la grande odalisque is what type of painting
Death of Marat (1793) by Jacques-Louis David.
La Grande Odalisque is a more explicit nude than the restrained Valpincon Bather, so Ingres transposes it to an orientalist setting, and significantly elongates the figure’s torso, in order to demonstrate that this is a fantasy woman in a fantasy picture, not a real nude woman. (Note: Research shows that the figure was drawn with curvature of the spine, a distorted pelvis, five extra lumbar vertebrae, and one arm – the left – shorter than the other. This was done not because Ingres was ignorant of anatomy, but purely for stylistic effect.) In 1819, however, the year that the Odalisque was submitted to the Paris Salon, neither the French Academy nor the critics understood Ingres’s style. As a result they criticized him for distorting anatomical reality.
Grande Odalisque, also known as Une Odalisque or La Grande Odalisque, is an oil painting of 1814 by Jean Auguste Dominique Ingres depicting an odalisque, or concubine. Ingres’ contemporaries considered the work to signify Ingres’ break from Neoclassicism, indicating a shift toward exotic Romanticism.
This eclectic mix of styles, combining classical form with Romantic themes, prompted harsh criticism when it was first shown in 1814. Critics viewed Ingres as a rebel against the contemporary style of form and content. When the painting was first shown in the Salon of 1819, one critic remarked that the work had “neither bones nor muscle, neither blood, nor life, nor relief, indeed nothing that constitutes imitation”.  This echoed the general view that Ingres had disregarded anatomical realism.  Ingres instead favored long lines to convey curvature and sensuality, as well as abundant, even light to tone down the volume.  Ingres continued to be criticized for his work until the mid-1820s. 
Jean-Auguste-Dominique Ingres, La Grande Odalisque, 1814, oil on canvas, 36″ × 63″ (91 × 162 cm), (Musée du Louvre, Paris).
Figure 1. La Grande Odalisque
Caroline Murat (1782-1839), Napoleon’s sister and the queen of Naples, commissioned this painting in 1813. It was probably a matching piece to another nude, La Dormeuse de Naples, destroyed in 1815. La Grande Odalisque was painted in Rome, where Ingres had arrived in 1806 to complete a fellowship at the Académie de France. The artist remained in Italy until 1824 because his art was unpopular in Paris. The works he exhibited at the Salon of 1806 (Caroline Rivière and Madame Rivière, Louvre), and the paintings he sent from Rome (The Valpinçon Bather, and Oedipus and the Sphinx, Louvre) were criticized. The exhibition of La Grande Odalisque at the Salon of 1819 confirmed that the critics didn’t understand Ingres’s style. They admonished him for disregarding anatomical reality, which set him apart from his teacher, Jacques Louis David (1748-1825).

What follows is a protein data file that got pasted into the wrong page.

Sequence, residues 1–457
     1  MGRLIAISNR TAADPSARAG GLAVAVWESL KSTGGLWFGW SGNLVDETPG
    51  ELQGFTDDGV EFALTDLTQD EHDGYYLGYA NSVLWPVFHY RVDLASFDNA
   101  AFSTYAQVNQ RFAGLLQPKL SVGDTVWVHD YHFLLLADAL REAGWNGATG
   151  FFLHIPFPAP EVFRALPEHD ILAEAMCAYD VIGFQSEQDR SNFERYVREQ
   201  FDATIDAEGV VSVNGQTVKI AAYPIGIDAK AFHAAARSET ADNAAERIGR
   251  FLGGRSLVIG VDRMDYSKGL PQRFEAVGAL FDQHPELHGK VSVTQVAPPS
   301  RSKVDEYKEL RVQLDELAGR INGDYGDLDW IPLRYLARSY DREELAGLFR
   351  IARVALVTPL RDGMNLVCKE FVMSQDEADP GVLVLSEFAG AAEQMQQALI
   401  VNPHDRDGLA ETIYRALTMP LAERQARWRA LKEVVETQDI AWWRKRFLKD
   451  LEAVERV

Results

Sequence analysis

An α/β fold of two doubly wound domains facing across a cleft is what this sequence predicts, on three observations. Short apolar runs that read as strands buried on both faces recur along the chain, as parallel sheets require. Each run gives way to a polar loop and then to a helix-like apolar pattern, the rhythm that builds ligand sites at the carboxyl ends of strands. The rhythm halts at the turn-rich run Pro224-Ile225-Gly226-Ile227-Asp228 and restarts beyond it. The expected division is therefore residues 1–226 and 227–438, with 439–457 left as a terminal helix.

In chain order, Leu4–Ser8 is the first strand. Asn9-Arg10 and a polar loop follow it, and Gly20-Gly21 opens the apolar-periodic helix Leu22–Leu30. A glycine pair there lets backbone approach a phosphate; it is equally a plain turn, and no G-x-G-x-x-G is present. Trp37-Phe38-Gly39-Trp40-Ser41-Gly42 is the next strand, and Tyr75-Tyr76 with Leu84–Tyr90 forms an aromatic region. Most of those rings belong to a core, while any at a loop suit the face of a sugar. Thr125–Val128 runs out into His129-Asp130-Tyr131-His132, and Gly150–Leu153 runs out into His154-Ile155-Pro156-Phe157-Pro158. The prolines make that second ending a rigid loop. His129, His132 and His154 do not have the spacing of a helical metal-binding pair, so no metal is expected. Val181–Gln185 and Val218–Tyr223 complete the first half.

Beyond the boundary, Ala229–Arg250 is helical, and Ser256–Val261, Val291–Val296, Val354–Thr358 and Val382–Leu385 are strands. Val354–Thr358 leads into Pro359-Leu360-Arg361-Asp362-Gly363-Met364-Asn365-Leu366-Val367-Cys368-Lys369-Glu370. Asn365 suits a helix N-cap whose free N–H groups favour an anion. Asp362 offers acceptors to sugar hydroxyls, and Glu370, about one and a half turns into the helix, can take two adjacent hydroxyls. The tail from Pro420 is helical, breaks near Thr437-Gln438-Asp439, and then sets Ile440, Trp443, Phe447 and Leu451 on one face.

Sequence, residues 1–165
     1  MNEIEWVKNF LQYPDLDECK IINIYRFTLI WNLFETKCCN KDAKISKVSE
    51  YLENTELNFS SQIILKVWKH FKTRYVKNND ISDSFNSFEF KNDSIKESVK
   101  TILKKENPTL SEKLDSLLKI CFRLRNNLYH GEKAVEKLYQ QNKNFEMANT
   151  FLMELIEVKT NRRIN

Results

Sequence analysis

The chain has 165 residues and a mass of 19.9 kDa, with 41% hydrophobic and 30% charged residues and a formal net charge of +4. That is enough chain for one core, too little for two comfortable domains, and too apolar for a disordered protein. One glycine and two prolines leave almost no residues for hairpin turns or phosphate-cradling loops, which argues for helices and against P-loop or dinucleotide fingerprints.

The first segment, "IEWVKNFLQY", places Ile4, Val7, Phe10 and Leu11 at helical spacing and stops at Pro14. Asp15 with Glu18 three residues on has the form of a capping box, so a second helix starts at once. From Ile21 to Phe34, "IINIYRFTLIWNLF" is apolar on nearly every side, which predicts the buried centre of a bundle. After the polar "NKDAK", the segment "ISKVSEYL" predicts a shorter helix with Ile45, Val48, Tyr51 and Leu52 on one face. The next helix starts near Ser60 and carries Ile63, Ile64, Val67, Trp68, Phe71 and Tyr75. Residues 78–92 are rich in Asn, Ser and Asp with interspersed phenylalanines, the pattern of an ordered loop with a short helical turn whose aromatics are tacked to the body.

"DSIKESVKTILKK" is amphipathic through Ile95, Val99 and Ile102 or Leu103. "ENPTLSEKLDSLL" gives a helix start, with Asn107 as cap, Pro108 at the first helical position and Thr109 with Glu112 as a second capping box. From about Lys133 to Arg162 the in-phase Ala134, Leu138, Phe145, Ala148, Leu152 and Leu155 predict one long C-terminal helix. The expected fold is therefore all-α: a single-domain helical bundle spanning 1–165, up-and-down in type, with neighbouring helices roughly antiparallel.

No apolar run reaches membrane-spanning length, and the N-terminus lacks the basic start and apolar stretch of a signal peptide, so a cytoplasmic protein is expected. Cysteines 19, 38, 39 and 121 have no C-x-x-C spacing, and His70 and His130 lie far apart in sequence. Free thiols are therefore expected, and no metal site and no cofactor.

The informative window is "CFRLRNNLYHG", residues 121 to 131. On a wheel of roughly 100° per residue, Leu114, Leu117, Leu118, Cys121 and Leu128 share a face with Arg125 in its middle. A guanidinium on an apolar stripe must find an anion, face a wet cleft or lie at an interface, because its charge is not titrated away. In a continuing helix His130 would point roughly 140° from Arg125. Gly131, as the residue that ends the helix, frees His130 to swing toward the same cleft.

This woman lying on a divan is offering herself because she is nude and turns her face towards us. The painting’s title, which means “harem woman,” and the accessories around her conjure up the sensuous Orient. But the woman is also discreet because she shows only her back and part of one breast. The nude was a major theme in Western art, but since the Renaissance figures portrayed in that way had been drawn from mythology; here Ingres transposed the theme to a distant land. The subject of the odalisque fascinated Boucher in the eighteenth century and was later chosen as a theme by Théodore Chassériau (1819-1856), one of Ingres’s pupils. Throughout his career, many of Ingres’s works feature Orientalist themes, such as The Turkish Bath (Louvre), which he painted towards the end of his life. The female nude, historical scenes, and the portrait were Ingres’s favorite genres.
As it was the odalisque’s duty to satisfy the carnal pleasures of the sultan, this elongation of her pelvic area may have been a symbolic distortion by Ingres. She lies on the divan, her nudity a signal that she is offering herself. She is described as a modest harem, as only her back and part of one breast is shown. But if one looks closely to her face, it seems aloof and absent of any sign of eager expectations.
Jean Auguste Dominique Ingres